Federal Inmate Coordinator Joey Stanton has resigned his position with LaRue County.
Stanton, who was hired as a jail consultant to make state-mandated improvements at the LaRue County Detention Center in 2008, will be working with jails in eastern Kentucky.
In July 2010, Stanton, a former jailer with 30 years experience and a member of the State Parole Board, was appointed chief administrative officer after jailer Ralph “Mac” Turner stepped away from duties.
Under Stanton’s leadership, the jail went “from cellar dweller to up toward the top,” according to Deputy Kentucky Commissioner of Corrections Rodney Ballard.
Ballard said that without Stanton’s work, the LaRue County jail would have been closed costing large sums of local tax dollars to meet new regulations.
Once the jail, which had been plagued by escapes and contraband, had been cleaned to the satisfaction of the Department of Corrections, Stanton began working on a contract with the U.S. Marshal’s Office to house and transport federal prisoners.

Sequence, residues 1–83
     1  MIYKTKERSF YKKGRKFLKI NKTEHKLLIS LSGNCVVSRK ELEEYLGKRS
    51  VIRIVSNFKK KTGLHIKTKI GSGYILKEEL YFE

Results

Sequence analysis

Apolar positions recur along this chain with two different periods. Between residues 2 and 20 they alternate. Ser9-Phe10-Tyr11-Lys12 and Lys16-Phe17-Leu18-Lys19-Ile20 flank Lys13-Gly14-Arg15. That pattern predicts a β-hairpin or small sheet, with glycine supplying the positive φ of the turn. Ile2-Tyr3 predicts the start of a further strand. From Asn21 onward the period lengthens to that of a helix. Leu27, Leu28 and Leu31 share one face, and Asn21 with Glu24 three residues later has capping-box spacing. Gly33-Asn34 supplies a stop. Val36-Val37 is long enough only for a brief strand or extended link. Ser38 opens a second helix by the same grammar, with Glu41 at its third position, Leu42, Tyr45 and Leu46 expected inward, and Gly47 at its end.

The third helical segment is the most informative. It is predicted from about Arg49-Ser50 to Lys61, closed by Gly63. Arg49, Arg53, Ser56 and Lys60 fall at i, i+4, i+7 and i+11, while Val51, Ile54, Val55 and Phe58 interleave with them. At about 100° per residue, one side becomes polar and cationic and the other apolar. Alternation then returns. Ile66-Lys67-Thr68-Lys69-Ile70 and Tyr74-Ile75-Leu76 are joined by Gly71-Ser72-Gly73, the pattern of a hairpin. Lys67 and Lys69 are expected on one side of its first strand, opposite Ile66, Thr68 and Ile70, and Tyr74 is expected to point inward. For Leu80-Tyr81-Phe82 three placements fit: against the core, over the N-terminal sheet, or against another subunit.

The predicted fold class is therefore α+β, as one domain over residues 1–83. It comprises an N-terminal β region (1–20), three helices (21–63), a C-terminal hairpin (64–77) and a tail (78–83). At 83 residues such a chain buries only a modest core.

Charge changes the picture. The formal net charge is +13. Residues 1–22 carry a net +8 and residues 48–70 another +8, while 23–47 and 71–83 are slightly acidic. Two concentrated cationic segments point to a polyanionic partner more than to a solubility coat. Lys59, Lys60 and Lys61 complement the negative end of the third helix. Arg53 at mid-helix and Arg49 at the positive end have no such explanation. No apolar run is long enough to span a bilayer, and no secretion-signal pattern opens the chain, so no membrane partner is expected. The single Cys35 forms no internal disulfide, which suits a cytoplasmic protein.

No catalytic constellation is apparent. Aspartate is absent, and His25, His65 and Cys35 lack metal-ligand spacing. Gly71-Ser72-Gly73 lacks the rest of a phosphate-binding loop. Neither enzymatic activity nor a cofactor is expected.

Stanton continued in the role until new jailer Johnny Cottrill took office in January. The federal inmate contract – plus a contract to house illegal immigrants – came soon afterwards.
“Few jails in Kentucky are able to meet these requirements due to the strict security and operational needs imposed by the U.S. Marshal’s Office,” said LaRue County Judge/Executive Tommy Turner.
The federal inmate and immigration contracts may help offset a potential $750,000 reduction in state funding at the jail brought about by HB 463. The new law will reduce the number of state inmates available to be housed at county jails.
“It’s time to leave,” Stanton said Monday. “My job’s done here. I’ve got a couple of other jails the state wants me to go in – they’re about the same as (LaRue’s) used to be.”
Stanton said he has confidence in Cottrill’s ability as jailer.
“I’m sure he will do a good job,” he said. “He has a good staff. It won’t go back the way it was. He needs to be aggressive and go after as many federal inmates as he can to offset house bill 463.”
Stanton, though lauded by state and local officials for the fiscal, security and staffing improvements at the jail, admits not everyone was happy with his presence in LaRue County. Complaints were made about his salary (that the county was paying for “two jailers”) and his residency in Grayson County.
Stanton was paid about $60,000 annually, while the elected jailer also was drawing a salary.
Despite the naysayers, he said he appreciates the support he received from many.
“I will always have a special place in my heart for LaRue County,” he said.